We can readily understand why investors are attracted to unprofitable companies. For example, although software-as-a-service business Salesforce.com lost money for years while it grew recurring revenue, if you held shares since 2005, you'd have done very well indeed. But while the successes are well known, investors should not ignore the very many unprofitable companies that simply burn through all their cash and collapse.
So should Akouos (NASDAQ:AKUS) shareholders be worried about its cash burn? In this report, we will consider the company's annual negative free cash flow, henceforth referring to it as the 'cash burn'. First, we'll determine its cash runway by comparing its cash burn with its cash reserves.
When Might Akouos Run Out Of Money?
A cash runway is defined as the length of time it would take a company to run out of money if it kept spending at its current rate of cash burn. As at June 2020, Akouos had cash of US$333m and no debt. Looking at the last year, the company burnt through US$37m. So it had a cash runway of about 8.9 years from June 2020. Even though this is but one measure of the company's cash burn, the thought of such a long cash runway warms our bellies in a comforting way. The image below shows how its cash balance has been changing over the last few years.
How Is Akouos' Cash Burn Changing Over Time?
Because Akouos isn't currently generating revenue, we consider it an early-stage business. Nonetheless, we can still examine its cash burn trajectory as part of our assessment of its cash burn situation. The skyrocketing cash burn up 148% year on year certainly tests our nerves. That sort of ramp in expenditure is no doubt intended to generate worthwhile long term returns. While the past is always worth studying, it is the future that matters most of all. So you might want to take a peek at how much the company is expected to grow in the next few years.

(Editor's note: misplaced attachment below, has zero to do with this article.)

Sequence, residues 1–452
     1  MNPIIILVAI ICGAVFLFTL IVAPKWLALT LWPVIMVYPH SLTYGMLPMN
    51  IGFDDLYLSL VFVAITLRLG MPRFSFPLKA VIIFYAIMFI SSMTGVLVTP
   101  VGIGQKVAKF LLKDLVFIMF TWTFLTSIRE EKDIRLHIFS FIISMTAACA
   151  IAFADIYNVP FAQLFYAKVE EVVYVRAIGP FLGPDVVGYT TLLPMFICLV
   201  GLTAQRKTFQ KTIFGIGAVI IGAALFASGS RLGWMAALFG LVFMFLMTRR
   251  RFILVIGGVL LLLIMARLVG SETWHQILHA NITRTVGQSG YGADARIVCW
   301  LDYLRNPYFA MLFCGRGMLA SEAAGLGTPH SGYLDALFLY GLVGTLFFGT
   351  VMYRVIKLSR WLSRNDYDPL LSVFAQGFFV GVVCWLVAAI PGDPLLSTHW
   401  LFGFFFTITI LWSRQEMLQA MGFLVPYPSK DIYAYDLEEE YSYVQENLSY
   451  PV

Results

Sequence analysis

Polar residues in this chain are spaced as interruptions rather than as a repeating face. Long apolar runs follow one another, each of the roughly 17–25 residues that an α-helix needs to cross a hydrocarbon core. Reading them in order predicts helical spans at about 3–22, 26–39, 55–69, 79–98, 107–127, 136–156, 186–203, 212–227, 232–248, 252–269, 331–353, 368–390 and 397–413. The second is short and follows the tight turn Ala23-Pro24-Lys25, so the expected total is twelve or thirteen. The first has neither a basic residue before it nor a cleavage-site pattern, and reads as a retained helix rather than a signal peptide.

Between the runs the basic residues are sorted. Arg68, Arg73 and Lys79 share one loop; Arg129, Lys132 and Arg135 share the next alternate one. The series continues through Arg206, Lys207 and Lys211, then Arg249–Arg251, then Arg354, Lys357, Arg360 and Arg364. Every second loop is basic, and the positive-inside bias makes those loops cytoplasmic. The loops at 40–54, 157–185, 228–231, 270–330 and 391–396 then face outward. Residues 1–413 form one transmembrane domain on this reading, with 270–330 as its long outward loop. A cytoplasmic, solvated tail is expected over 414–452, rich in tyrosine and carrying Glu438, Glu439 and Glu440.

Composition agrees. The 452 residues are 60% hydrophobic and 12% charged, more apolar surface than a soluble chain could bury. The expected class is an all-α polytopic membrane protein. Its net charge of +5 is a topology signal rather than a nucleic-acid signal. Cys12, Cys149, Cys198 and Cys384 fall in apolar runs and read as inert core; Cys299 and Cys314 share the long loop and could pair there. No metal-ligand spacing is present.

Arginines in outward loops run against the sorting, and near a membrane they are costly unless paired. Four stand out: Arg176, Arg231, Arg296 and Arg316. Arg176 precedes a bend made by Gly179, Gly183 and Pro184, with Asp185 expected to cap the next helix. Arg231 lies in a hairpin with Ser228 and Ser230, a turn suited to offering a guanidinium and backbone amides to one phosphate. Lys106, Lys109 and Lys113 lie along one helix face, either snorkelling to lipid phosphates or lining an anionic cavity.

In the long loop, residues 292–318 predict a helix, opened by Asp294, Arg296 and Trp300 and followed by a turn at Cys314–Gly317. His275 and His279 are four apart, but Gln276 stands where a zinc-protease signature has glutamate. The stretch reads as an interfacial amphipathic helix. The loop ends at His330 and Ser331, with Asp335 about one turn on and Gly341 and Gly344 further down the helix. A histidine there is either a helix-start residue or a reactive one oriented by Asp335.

How Hard Would It Be For Akouos To Raise More Cash For Growth?
Given its cash burn trajectory, Akouos shareholders may wish to consider how easily it could raise more cash, despite its solid cash runway. Generally speaking, a listed business can raise new cash through issuing shares or taking on debt. Commonly, a business will sell new shares in itself to raise cash and drive growth. We can compare a company's cash burn to its market capitalisation to get a sense for how many new shares a company would have to issue to fund one year's operations.
Akouos' cash burn of US$37m is about 4.5% of its US$836m market capitalisation. Given that is a rather small percentage, it would probably be really easy for the company to fund another year's growth by issuing some new shares to investors, or even by taking out a loan.
How Risky Is Akouos' Cash Burn Situation?
As you can probably tell by now, we're not too worried about Akouos' cash burn. For example, we think its cash runway suggests that the company is on a good path. Although we do find its increasing cash burn to be a bit of a negative, once we consider the other metrics mentioned in this article together, the overall picture is one we are comfortable with. After taking into account the various metrics mentioned in this report, we're pretty comfortable with how the company is spending its cash, as it seems on track to meet its needs over the medium term. On another note, we conducted an in-depth investigation of the company, and identified 2 warning signs for Akouos (1 is a bit unpleasant!) that you should be aware of before investing here.
Of course, you might find a fantastic investment by looking elsewhere. So take a peek at this free list of interesting companies, and this list of stocks growth stocks (according to analyst forecasts)
This article by Simply Wall St is general in nature. It does not constitute a recommendation to buy or sell any stock, and does not take account of your objectives, or your financial situation. We aim to bring you long-term focused analysis driven by fundamental data. Note that our analysis may not factor in the latest price-sensitive company announcements or qualitative material. Simply Wall St has no position in any stocks mentioned.
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